Keeping up with the exponential growth of DNA sequencinginformation is considered a challenge now. But in a few years,experts warn, one of the science's main objectives _ treating disease_ could be hampered for lack of data coordination and evaluation.

Key to managing the flood of data and to deciphering gene functionsis bioinformatics, an emerging field being pushed into fast-trackdevelopment by the race to sequence the human genome and by theenormous expectations of drug discovery.

"In the 1980s," said Robert Robbins, of the U.S. Department ofEnergy (DOE), "the crisis was data acquisition. In the 1990s, thecrisis has become data integration."

Robbins, a computational biologist on loan to DOE from JohnsHopkins University in Baltimore, compares the problem to a libraryin which books are stacked chronologically, according to publishingdate.

"If they're put on the shelves as they come in the door, rather thanbeing catalogued, it's going to be difficult to find the informationyou need," Robbins said. "The drug discovery process is not beingslowed now, but it will be in the next couple of years."

"You can't stress that point strongly enough," said Carlos Zamudio,director of bioinformatics for privately held Sequana TherapeuticsInc., of La Jolla, Calif. "All the disparate groups have to come upwith a mechanism to communicate."

The groups Zamudio is referring to comprise a worldwide jumble ofdata bases that were founded to meet the needs of individual researchcommunities, but whose value for drug discovery lies in workingtogether.

The gene sequence data bases are GenBank, run by the NationalCenter for Biotechnology Information within the National Institutesof Health in Bethesda, Md., the DNA Data Base of Japan (DDBJ),the European Bioinformatics Institute (EBI) in Cambridge, England,and the Genome Sequence Data Base (GSDB) in Sante Fe, NewMexico.

GenBank, DDBJ and EBI are partners, sharing information daily, butGSDB, a more recent creation, is not included.

For gene mapping information, there's the Genome Data Base(GDB) at Johns Hopkins University, as well as other data bases suchas Genethon in Evry, France, and the Massachusetts Institute ofTechnology Genome Center.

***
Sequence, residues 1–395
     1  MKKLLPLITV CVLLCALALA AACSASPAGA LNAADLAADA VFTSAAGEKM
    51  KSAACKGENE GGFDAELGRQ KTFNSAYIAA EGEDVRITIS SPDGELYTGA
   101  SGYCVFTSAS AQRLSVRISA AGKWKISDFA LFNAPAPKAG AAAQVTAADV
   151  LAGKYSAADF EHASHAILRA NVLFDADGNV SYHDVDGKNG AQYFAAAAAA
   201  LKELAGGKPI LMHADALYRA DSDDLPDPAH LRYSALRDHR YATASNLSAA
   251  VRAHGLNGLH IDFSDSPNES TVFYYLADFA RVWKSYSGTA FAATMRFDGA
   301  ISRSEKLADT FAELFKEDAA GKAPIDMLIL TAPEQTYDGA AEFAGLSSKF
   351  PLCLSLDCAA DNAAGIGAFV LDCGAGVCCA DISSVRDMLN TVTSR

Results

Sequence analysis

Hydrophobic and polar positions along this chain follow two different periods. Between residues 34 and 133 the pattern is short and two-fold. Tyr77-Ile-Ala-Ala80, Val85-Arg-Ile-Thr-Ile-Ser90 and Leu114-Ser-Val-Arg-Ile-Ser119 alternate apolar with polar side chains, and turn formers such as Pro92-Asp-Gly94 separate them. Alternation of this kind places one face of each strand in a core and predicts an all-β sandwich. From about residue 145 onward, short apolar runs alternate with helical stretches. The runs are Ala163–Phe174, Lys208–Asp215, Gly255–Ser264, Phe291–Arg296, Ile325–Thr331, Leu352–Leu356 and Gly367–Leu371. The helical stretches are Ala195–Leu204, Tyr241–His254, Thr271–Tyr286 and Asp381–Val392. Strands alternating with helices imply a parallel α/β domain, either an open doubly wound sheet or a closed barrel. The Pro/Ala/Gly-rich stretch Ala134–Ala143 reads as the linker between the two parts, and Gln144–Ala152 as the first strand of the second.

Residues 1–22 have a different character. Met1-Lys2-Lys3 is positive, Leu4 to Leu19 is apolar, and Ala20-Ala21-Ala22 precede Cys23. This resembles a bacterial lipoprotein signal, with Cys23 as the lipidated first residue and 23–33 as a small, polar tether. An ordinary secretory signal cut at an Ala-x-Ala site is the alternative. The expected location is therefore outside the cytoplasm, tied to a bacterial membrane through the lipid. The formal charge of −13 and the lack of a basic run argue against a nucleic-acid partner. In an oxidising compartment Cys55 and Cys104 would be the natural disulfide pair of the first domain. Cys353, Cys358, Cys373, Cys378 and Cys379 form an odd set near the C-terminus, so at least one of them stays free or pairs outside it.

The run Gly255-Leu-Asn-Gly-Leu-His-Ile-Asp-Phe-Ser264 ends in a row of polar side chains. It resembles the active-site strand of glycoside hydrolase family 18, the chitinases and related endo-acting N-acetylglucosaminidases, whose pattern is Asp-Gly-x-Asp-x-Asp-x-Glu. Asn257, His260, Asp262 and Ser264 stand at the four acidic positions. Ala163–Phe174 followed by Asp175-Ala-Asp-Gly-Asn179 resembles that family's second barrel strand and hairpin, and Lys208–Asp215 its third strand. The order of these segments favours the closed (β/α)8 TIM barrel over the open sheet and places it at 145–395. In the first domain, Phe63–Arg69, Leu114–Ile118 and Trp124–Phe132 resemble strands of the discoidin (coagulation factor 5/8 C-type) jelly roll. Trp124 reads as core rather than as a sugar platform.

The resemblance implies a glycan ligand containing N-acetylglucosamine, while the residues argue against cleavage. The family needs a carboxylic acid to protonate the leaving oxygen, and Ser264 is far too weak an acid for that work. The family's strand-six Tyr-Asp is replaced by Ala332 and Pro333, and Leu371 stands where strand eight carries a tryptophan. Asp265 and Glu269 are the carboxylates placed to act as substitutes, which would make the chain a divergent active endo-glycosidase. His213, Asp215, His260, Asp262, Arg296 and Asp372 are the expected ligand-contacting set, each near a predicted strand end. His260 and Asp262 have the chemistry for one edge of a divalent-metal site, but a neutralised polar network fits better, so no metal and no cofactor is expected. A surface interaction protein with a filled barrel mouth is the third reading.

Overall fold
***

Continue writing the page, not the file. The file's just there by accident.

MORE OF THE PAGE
Then there are the protein sequence data bases: SwissPro inSwitzerland, Protein Identification Resources International inWashington, and the Protein Structure Data Bank at BrookhavenNational Laboratory in New York.

Added to all of the national and international data bases are hundredsof local data bases at colleges and research institutions worldwide.Private genome companies, such as Human Genome Sciences Inc.,of Gaithersburg, Md., and Incyte Pharmaceuticals, of Palo Alto,Calif., also have developed significant proprietary data bases.

And in addition to sequencing the human genome, which is onlyabout 10 percent complete, researchers for years have beensequencing data on other organisms, such as yeast, Escherichia colibacteria and mice, which are essential to understanding how humangenes work.

"All the [major] public data bases are very loosely coordinated," saidKenneth Fasman, director of the Johns Hopkins Genome Data Base."The field is so new, there's a lot of independent motion going on,but we're trying not to duplicate efforts. There's a good amount ofsharing and collaboration."

Fasman said a main impediment to drug discovery in the near futuremay be a lack of scientists skilled in bioinformatics.

"A number of recent isolations of new genes," Fasman said, "wasdependent on mining the data in sequence data bases. Withoutbioinformatics, all the discoveries in gene sequencing will get lost inthe stacks of individual libraries."

A Data Explosion

Describing the dramatic growth in genomics and bioinformatics,Fasman said in the 1970s all the genome researchers in the U.S.could hold a meeting in one room and pass around index cards toshare their findings. Not until the late 1970s and early 1980s weredata bases founded to handle the explosion of data.

Mark Boguski, of GenBank, said the amount of informationprocessed by his data base doubles every 20 months.